National Radon Action Month
You can’t see it, smell it or taste it, but it puts your family at risk. Each year, radon kills more people than home fires, drowning, falls or drunk driving. Approximately 21,000 deaths a year are due to radon. During National Radon Action Month, the Health Department is encouraging everyone to learn more about radon and take action to protect their homes and families.
Radon, a naturally occurring radioactive gas that comes from the soil beneath and around some of our homes, is present at elevated levels in some homes here in Eau Claire County. Elevated levels create a risk to the homes’ residents. Radon test results of over 1200 homes in the Eau Claire area, tested between 2014 and 2017 have found that 39% of homes have radon levels that exceed the United States Environmental Protection Administration (USEPA) safety standard. Of those homes with exceeding levels, 4% have recorded a level that would require immediate action to protect the home residents.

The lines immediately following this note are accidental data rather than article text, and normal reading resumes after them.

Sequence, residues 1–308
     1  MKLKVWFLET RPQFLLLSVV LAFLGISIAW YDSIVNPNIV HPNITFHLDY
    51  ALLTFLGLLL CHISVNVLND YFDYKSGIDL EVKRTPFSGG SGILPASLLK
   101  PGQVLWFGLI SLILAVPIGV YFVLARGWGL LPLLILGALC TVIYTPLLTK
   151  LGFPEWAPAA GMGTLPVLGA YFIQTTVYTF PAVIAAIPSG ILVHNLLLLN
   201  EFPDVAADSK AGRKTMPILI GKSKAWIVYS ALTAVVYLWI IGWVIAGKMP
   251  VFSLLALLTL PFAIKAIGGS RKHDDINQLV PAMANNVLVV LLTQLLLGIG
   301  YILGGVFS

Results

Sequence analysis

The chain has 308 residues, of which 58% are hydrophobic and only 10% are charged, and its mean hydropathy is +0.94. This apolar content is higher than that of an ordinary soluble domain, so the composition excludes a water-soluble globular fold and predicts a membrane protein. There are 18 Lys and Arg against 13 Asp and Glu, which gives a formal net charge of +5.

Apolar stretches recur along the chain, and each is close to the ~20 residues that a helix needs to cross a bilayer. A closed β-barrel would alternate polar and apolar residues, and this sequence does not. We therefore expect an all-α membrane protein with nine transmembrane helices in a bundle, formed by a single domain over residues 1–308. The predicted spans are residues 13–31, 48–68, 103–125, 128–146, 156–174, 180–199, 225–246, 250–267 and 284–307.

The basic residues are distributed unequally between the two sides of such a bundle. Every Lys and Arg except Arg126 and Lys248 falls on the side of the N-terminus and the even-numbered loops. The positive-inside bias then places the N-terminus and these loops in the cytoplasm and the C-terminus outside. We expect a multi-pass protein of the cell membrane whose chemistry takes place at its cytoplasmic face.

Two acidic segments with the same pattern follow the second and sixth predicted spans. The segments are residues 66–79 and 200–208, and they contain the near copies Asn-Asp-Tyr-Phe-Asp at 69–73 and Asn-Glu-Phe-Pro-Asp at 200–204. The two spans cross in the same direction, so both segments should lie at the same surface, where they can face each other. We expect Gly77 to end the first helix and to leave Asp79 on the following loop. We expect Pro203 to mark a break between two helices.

“There is no way to predict the level of radon in your home. The only way to know is to test.” says Elizabeth Paulson, Environmental Health Specialist for the Eau Claire City-County Health Department. Radon has no smell, taste or color, and therefore, it is impossible to detect with the human senses. It can be easily measured with a simple and inexpensive test.
Radon Test kits can be purchased for $10 from the Eau Claire City-County Health Department, which is located on the ground floor of the Eau Claire County Courthouse at 720 Second Avenue. If you decide to test your home, use only test kits approved by the U.S.E.P.A.
If elevated radon levels are found in a home, the home can be fixed at a reasonable cost. A trained and certified contractor should do all the contracting work.
For more information on radon and radon testing, please contact the West Central Regional Radon Information Center at the Eau Claire City-County Health Department at 715-839-4718 or visit our website at www.eauclairewi.gov/radon. You can also obtain information at the Wisconsin Dept. of Health website www.lowradon.org.